*Correction on the gyrations of connecting an iSCSI drive. Once you have it all set up which is basically connecting through the iSCSI initiator and logged on, my Mac automatically connects to it every time I boot up or when the EX2 Cloud boots up. It could be my iSCSI initiator that is doing that but nevertheless it is a pleasant surprise to see the iSCSI drive on my desktop as thought it is a local drive without the need for mapping.

Q. How does the EX2 Ultra fare in comparison to Synology/QNap?
A. it is like comparing Bananas and oranges. I have always considered a WD My Cloud to be a poor mans version of a real NAS much like a DIY home server. With the single Bay My Cloud you basically get the enclosure for free with the purchase of every Red Hard drive, in fact sometimes the enclosed My Cloud Personal is cheaper than if you bought the bare hard drives.

The EX2 Ultra diskless version is great value for what you pay for and it provides everything you need in a NAS server and in fact I prefer the way it looks over any other brand name NAS servers on the market as it reminds me of a thick book versus the blocky QNAP NAS.

Synology or QNap NAS servers are the go-to servers after you had enough of fighting with the WD My Clouds such as wake-on-lan sleep which the My Cloud never had. Or the fact that you have to have a public folder that you cannot delete but can be made private; what a paradox. A real NAS server will allow you to work with the device without disks unlike the EX2 which surprised me the first time that I boot it up that it wouldn’t allow me to proceed without a disk and all I wanted to do was just change Admin to my own username.

However once you get past the quirks, which are many, the WD My Cloud are wonderful little devices and the EX2 Ultra is no exception. Once your EX2 is setup and the scans are stopped, they blend in beautifully with your living room decor, more so than a QNAP.

Q. How to future proof the recovery of your Data?
A. Here is where the difference between a real NAS and a WD My Cloud starts to differ. The underlying structure of most NAS drives remains constant. i.e. you can migrate your hard drives from one NAS unit to another NAS unit from the same company years down the road. Thus when a real NAS unit fails you can either buy a new NAS unit from the same company or you can mount it on a USB docking station and read off the linux data. I’m not sure what the underlying structure of the EX2 as I’ve read somewhere on the internet that you can mount it as EX3 under linux.

The problem of buying a NAS from a Hard Disk Company (WD) is that the product changes based on what WD thinks that consumer desires rather than providing for Consumer needs. For example WD changes from a nice little linux box to Busy Box (which in a sense is still, almost, but not linux per se) because a Busy Box is an easier product to support rather than a full flown debian linux build (just guessing).

It is ok if you are buying the all-in-one enclosed single disk My Clouds since you won’t be swapping the disk anytime soon but it isn’t ok with the EX2 since changes will mean that your old enclosure is incompatible with the newer enclosures.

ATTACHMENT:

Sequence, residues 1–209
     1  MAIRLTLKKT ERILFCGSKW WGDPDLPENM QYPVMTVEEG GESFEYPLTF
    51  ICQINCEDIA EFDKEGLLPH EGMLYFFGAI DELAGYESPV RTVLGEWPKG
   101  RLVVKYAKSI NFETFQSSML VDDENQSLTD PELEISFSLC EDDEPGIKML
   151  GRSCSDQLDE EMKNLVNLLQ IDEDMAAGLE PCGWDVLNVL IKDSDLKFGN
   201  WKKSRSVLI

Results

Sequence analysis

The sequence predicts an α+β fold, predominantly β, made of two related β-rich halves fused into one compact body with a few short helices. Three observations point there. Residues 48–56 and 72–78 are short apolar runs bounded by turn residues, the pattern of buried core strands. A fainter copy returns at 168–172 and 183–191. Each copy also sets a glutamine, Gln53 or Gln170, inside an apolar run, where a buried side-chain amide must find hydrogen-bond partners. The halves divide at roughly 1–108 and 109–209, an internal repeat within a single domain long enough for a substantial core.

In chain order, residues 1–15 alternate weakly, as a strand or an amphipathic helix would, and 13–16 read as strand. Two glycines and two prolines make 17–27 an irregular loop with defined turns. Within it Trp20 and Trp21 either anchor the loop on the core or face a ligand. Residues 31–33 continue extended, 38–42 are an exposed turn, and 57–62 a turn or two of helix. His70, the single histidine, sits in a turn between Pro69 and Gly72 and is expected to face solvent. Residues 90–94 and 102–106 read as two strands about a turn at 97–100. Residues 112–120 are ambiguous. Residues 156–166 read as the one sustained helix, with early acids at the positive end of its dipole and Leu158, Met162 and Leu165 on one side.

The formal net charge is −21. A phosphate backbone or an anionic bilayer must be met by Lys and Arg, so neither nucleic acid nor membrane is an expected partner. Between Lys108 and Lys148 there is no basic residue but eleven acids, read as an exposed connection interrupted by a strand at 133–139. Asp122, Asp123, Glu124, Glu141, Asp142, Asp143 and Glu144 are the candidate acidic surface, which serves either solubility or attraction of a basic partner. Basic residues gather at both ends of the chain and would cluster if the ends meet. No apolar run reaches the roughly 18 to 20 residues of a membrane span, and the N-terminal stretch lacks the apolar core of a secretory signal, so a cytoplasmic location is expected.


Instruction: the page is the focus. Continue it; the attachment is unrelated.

A real NAS company will ensure that ALL their enclosures are raid compatible so it is just a matter of upgrading your raid from one unit to another. A real NAS company protects your data, WD doesn’t.

In addition to the OS changes, WD even changes the way the My Cloud works as the newer My Clouds requires that you log in to your local NAS through WD Servers. This is no longer a viable investment as it always requires an internet service to work.

Since we are running Busy Box, the disk seems to be formatted with a proprietary format and it would have saved us so much trouble if we could pull out one of the disks and mount it on a USB dock and have it automatically recognized by the Mac OS. If this was possible, you don’t need a second enclosure as you would automatically have two copies of your data and you have no worries.

As it stands, you do need a second EX2 Ultra to protect you from enclosure failures. The My Cloud mirrors are now discontinued and we have no idea whether WD will continue to support the EX2/EX4 line of NAS servers. Also I do have another copy of my data on my original single drive My Cloud 8TB of which I intend to re-sync with my EX2 Ultra once a year; which really defeats the purpose of owning a EX2 which mirrors my data but it is what it is.

On the other hand, I am relaxing a bit more since I have about 3 layers of protection; mirrored disk, a second EX2 for enclosure failures and a backup copy on another My Cloud.

Wrapping it up…

I’m known to post very large posts and this post has taken me about 2 days to type up of which I missed my supper. I’m posting this up just because nobody else has done so and it is all selfless since WD has “NEVER” sent me a test drive and said “Here, have a drive for all your hard work on the forums”.

Please don’t send me private messages but you are welcome to post any questions you have here. If you like what you are reading, please click on the heart on this post, so at least when I submit my resume to WD someday, I can tell them that I have a few million hearts from this forum.

Thank you for reading…


Thanks for taking the time and effort to post this info.

I have just posted “Looking for best practices advice for WD MyCloud EX2 on Win 2012 environment” on the EX Series Forum, perhaps you could see if you have some suggestions. Thanks.


I thought I should follow up with an update.

I found the complementary refurbished 4TB USB My Book Duo on eBay for about $215 which turned out to be a brand new 6TB My Book Duo delivered directly from WD themselves; I ordered a second one in hopes that I get the same (luck of the draw I guess).

I am pass the point of acquiring enclosures for just storage as I more than enough storage to last my lifetime. However with the 4TB Ex2, I am now starting to use DLNA and PlexMediaServer to stream my music directly to my Sony STRDN1080 receiver. No idea with what I will do with the 3rd EX2; backup of the backup of the primary?